When it comes to doing business in Asia, throw out what you know about complying with payroll regulations in your home country, Radius Worldwide’s Dafydd Williams said in the GPMI webinar “Overcoming Payroll Challenges in Your Asia-Based Operations.”
Williams, Senior Director of Advisory Services for Radius, talked his audience through some specific considerations for paying employees in China, Singapore, India, and even his home country of Australia.
“When establishing or maintaining operations in another country, it’s critical to understand that you must comply with the laws of that country, not U.S. laws,” he said. “What do they require you to pay and to withhold? Certainly the authorities are going to give you lots of trouble if you haven’t been withholding correctly.”
Williams laid out what payroll professionals need to know about the four countries in the categories of legal entities, expatriates, immigration, withholding and reporting, and employee benefits.
For example, Williams provided these considerations regarding employee benefits:
- Common supplementary benefits include health and life insurance.
- Superannuation (i.e., retirement) contributions are mandatory for employers, which may include payments on behalf of contractors.
- Benefits attract Fringe Benefits Tax (FBT) payable by the employer.
- Leave for sickness and care giving, vacation, holidays, maternity/paternity, and long service.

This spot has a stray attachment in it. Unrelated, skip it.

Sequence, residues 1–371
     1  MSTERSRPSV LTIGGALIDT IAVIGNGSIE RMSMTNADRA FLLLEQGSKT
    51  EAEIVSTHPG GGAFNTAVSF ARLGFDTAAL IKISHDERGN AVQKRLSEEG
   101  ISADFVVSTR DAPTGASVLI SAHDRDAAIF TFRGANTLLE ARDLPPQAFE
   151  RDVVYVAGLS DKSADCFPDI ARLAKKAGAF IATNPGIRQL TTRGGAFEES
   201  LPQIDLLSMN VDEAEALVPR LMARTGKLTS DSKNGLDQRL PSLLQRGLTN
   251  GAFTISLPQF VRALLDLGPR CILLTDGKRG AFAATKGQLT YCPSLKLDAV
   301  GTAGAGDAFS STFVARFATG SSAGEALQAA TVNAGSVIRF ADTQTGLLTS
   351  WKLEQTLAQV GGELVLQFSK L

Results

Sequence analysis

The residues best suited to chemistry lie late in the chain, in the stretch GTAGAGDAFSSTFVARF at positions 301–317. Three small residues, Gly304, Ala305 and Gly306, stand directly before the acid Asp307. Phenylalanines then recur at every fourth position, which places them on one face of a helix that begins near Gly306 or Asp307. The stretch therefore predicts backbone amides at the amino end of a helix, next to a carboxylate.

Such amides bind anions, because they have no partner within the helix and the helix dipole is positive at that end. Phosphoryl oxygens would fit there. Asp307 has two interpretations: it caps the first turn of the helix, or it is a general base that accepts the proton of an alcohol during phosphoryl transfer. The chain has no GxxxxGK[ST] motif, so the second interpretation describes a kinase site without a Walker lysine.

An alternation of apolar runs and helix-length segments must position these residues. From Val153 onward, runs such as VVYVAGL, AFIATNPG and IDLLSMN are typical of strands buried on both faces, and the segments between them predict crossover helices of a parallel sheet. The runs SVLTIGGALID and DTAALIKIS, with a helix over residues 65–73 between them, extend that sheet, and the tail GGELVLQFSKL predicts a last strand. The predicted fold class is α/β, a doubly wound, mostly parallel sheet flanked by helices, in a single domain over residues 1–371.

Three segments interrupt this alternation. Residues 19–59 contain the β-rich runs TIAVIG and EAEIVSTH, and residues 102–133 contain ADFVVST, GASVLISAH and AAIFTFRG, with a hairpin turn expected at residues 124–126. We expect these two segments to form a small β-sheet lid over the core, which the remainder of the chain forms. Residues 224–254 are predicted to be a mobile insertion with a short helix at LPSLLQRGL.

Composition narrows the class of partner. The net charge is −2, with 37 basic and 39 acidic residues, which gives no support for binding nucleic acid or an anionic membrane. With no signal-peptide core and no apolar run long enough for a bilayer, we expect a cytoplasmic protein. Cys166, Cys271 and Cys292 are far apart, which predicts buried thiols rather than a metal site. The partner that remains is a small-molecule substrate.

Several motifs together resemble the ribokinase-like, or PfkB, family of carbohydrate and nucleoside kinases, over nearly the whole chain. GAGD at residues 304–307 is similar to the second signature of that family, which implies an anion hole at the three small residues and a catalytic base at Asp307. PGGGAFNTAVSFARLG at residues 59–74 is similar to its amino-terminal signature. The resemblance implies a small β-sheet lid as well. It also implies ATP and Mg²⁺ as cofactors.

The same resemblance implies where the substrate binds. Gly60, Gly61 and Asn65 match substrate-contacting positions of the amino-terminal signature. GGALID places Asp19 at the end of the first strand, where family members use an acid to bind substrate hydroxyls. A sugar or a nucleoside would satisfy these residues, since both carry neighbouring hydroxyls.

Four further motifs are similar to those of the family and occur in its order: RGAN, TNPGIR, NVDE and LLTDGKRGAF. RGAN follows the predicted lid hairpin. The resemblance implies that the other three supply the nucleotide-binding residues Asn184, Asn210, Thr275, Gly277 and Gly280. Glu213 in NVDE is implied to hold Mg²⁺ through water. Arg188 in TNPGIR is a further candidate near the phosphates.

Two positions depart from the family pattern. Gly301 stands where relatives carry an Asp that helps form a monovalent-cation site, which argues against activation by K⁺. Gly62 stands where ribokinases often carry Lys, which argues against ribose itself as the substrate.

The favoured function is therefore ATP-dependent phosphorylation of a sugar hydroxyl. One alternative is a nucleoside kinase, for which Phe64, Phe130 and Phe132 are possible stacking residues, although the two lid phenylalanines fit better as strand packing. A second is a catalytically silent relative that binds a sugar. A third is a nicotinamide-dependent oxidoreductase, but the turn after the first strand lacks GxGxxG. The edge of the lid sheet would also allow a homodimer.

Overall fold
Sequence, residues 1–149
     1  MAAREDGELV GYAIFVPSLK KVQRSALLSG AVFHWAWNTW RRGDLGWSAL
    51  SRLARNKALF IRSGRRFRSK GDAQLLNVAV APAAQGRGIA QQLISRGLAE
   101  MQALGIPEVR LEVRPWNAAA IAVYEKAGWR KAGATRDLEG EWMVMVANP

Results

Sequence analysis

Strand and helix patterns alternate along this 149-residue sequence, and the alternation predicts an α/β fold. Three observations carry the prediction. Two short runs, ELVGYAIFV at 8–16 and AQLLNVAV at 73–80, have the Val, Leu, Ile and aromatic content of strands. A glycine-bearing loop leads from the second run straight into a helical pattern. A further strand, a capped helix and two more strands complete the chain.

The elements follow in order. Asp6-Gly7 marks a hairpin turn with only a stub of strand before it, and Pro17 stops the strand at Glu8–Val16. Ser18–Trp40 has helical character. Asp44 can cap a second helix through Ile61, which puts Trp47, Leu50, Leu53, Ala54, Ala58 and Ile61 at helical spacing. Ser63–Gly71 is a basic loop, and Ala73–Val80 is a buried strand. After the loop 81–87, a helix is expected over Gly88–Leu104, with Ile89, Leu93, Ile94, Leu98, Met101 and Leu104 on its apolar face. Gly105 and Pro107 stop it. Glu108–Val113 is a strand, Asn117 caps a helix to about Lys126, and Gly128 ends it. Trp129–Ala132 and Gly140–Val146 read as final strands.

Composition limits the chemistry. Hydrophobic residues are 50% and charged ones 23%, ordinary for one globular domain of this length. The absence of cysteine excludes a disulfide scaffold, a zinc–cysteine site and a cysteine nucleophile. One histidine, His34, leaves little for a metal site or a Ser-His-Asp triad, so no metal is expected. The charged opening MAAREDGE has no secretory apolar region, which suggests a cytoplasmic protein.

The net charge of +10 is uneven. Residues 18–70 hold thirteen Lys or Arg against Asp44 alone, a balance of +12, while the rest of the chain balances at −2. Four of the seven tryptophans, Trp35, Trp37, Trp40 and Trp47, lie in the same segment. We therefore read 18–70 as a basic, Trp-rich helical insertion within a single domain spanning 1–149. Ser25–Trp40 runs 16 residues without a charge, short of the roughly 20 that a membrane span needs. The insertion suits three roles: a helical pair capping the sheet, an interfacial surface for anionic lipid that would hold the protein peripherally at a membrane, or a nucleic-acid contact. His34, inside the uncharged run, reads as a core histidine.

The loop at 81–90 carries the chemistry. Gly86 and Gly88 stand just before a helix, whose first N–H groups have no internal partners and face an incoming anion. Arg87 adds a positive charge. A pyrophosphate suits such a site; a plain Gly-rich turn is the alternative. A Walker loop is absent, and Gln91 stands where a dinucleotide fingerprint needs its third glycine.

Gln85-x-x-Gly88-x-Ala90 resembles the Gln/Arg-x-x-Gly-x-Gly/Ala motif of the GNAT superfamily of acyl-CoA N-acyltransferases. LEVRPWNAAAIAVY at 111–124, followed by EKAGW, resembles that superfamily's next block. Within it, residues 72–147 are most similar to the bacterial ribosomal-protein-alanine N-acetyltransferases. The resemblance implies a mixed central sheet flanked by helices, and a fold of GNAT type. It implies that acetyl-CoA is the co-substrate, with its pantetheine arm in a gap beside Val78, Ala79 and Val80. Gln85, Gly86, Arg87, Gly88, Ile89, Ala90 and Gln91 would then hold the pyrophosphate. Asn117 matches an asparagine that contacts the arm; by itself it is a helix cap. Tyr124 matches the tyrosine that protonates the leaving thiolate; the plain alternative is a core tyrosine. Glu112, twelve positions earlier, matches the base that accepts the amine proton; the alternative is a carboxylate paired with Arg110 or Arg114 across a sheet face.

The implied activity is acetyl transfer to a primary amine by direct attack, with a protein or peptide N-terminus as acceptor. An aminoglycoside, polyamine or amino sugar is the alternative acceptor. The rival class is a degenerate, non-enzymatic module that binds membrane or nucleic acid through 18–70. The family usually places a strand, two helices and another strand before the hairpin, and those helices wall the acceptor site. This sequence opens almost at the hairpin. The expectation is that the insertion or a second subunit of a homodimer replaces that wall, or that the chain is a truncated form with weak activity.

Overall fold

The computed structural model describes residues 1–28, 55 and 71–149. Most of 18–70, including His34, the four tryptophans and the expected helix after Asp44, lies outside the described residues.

- Cars are a tool of the trade.
- The Central Provident Fund (CPF) is Singapore’s social scheme and provides medical and retirement benefits.
- Both employees and employers make contributions. (Foreign employees who aren’t permanent residents are exempt from CPF contributions.)
- Skill Development Fund (SDF): All employers must contribute for all employees up to a certain threshold.
- Annual leave is partly based on years of service.
- Employers and employees must participate in the social benefits system.
- Terminations must be for “cause;” there is no at-will employment.
- Complying with statutory overtime requirements can be expensive.
- Most employers pay a 13th-month bonus, though it is
- not required.
- Employer social obligations vary by industry (e.g., manufacturing), and many apply only when the number of employees reaches a certain threshold.
- Indian benefits are generally designed to protect lower-paid workers.
- The Employees’ Provident Fund (EPF) is India’s social security scheme.
- One common benefit is a Housing Rent Allowance (HRA), intended to help employees cover the cost of rent.
- Other common supplemental benefits include medical insurance, conveyance (for travel between home and office), and life insurance
“It’s not just the payroll office or manager that has to deal with these,” he said. “It’s human resources, legal counsel, tax—everybody has some kind of relationship to the foreign country employees who are being paid, and the payroll manager needs to convey that.”
GPMI Director of Instructional Design and Learning Development Nicole Smith hosted the webinar, which is available on-demand.